Days of Cain by JR Dunn: A group of rebel time agents seek to undo one of humanity's greatest atrocities by killing Hitler, or, barring that, dismantling the death camps from within. But a society of time agents known as the Moiety is determined to preserve a certain version of the timeline of any cost, giving their agent Gasper James the unenviable task of ensuring the Holocaust goes forward.
"Wikihistory" by Desmond Warzel: One of the bylaws of the International Association of Time Travelers states that you can't kill Hitler. The problem is, everybody kills Hitler on their first trip. This leaves more experienced time travelers the onerous task of undoing the historical edits of n00bs.
Doctor Who, "Let's Kill Hitler": Mels, better known as young River Song, gets takes the Doctor hostage and decides that it would be fun to kill the Führer. As it turns out, though, another group of time travelers got there first. The Teselecta has shown up to punish Hitler before his death, but just as the crew realizes they've shown up too early in Hitler's timeline, the TARDIS comes crashing in, apparently saving Hitler. As a bonus, Hitler tries to shoot the Teselecta and ends up hitting Mels instead, triggering her regeneration into River Song. At least Rory gets to punch the lout in the face before locking him in a cupboard.
Killing Him Just Brings About a Potentially Worse Future
Making History by Stephen Fry: A history student and a physics professor manage to send a permanent male contraceptive pill back in time where Hitler's father will consume it, ensuring Hitler will never be born. But without Hitler, the Nazi party is ripe for the leadership of Rudolph Gloder, who shares Hitler's genocidal agenda, but is far more efficient, stable, patient, and charismatic. Free from Hitler's personality flaws, Gloder was able to take over all of Europe, so that, in the alternate present day, an extremely conservative US is in a cold war with the Nazis.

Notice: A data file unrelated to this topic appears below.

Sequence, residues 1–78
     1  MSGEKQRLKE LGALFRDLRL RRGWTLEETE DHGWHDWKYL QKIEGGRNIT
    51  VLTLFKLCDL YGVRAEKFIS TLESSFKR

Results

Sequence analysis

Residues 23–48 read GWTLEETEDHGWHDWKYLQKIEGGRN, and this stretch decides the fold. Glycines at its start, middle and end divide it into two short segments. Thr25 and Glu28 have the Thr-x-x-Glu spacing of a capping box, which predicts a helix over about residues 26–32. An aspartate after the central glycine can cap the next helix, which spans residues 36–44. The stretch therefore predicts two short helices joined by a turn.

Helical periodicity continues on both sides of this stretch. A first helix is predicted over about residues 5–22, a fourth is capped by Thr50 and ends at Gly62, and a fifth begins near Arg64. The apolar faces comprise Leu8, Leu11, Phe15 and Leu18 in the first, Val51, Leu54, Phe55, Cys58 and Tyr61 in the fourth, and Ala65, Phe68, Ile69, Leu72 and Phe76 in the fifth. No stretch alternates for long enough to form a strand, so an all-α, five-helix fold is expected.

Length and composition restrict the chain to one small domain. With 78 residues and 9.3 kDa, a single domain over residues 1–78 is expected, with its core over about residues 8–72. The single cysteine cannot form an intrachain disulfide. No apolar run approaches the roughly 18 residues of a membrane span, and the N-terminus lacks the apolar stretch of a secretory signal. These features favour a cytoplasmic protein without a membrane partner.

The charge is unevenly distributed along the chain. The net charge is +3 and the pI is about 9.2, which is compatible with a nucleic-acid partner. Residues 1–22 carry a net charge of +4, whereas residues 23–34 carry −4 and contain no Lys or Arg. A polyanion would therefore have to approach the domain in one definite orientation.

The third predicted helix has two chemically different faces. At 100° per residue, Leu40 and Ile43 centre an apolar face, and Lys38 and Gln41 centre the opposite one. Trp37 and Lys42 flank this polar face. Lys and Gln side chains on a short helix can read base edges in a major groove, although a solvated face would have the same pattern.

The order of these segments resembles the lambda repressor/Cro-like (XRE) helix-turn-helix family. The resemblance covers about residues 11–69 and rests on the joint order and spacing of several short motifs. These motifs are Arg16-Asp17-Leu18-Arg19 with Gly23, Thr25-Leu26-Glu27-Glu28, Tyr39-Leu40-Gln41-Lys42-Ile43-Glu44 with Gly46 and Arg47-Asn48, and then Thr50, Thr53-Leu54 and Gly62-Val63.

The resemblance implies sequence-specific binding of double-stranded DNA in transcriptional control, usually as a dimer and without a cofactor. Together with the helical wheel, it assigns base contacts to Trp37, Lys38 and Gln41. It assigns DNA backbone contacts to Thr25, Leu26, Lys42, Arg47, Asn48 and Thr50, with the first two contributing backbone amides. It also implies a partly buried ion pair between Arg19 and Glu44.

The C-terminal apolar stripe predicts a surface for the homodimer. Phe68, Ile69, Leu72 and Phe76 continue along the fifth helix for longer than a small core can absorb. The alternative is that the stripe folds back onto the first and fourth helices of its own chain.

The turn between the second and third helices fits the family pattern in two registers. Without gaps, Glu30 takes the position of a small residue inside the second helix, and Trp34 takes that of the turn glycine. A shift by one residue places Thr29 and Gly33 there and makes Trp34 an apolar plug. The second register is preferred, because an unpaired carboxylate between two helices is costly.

Command & Conquer: Red Alert: In the video game, Albert Einstein invents a time machine, which he uses to go back in time and deleted Hitler from time before he could rise to power. But, without a strong Germany, a Stalin-led Soviet Union invades Europe, and eventually the United States as well.
It's All Just a Dream
"The Man Who Dreamed the World" (The Fantastic Four): When She-Hulk, the Invisible Woman, the Human Torch, and Nick Fury mysteriously find themselves in the year 1936, Fury decides he may as well kill Hitler and slips off to Germany. Although the other three attempt to stop him, but just as the Invisible Woman seems to have talked him out of it, Fury shoots Hitler, killing him. But, it turns out that they had been in the dream of a coma victim, who snapped back to reality when Fury altered his dream timeline by killing Hitler. The actual timeline remains intact, leaving Fury in a less than happy mood.
But It Works Out Better in Alternate History
"Missives from Possible Futures #1: Alternate History Search Results" by John Scalzi: In Scalzi's short story, you can research alternate histories in which Hitler dies on August 13, 1908. The resulting timeline depends heavily on Hitler's method of death; and one scenario—perhaps the best scenario—involves libidinous time travelers.
A version of this post was originally published on November 20th, 2008.